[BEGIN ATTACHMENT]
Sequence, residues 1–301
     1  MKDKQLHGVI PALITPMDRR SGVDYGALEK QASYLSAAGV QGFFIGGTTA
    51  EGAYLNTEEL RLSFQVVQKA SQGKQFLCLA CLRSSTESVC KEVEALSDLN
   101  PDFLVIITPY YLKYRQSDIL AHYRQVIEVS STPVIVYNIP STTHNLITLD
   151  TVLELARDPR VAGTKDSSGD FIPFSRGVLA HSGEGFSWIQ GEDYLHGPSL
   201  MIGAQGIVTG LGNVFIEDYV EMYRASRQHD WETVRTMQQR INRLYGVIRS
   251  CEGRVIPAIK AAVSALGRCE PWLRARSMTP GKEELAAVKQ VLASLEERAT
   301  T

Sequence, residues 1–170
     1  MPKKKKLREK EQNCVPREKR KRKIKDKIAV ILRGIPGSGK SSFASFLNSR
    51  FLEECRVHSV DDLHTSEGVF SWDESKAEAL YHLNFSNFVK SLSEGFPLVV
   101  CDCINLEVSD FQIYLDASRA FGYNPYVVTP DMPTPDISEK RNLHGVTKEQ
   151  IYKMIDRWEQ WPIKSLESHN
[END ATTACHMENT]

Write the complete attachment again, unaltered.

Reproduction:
Sequence, residues 1–301
     1  MKDKQLHGVI PALITPMDRR SGVDYGALEK QASYLSAAGV QGFFIGGTTA
    51  EGAYLNTEEL RLSFQVVQKA SQGKQFLCLA CLRSSTESVC KEVEALSDLN
   101  PDFLVIITPY YLKYRQSDIL AHYRQVIEVS STPVIVYNIP STTHNLITLD
   151  TVLELARDPR VAGTKDSSGD FIPFSRGVLA HSGEGFSWIQ GEDYLHGPSL
   201  MIGAQGIVTG LGNVFIEDYV EMYRASRQHD WETVRTMQQR INRLYGVIRS
   251  CEGRVIPAIK AAVSALGRCE PWLRARSMTP GKEELAAVKQ VLASLEERAT
   301  T

Sequence, residues 1–170
     1  MPKKKKLREK EQNCVPREKR KRKIKDKIAV ILRGIPGSGK SSFASFLNSR
    51  FLEECRVHSV DDLHTSEGVF SWDESKAEAL YHLNFSNFVK SLSEGFPLVV
   101  CDCINLEVSD FQIYLDASRA FGYNPYVVTP DMPTPDISEK RNLHGVTKEQ
   151  IYKMIDRWEQ WPIKSLESHN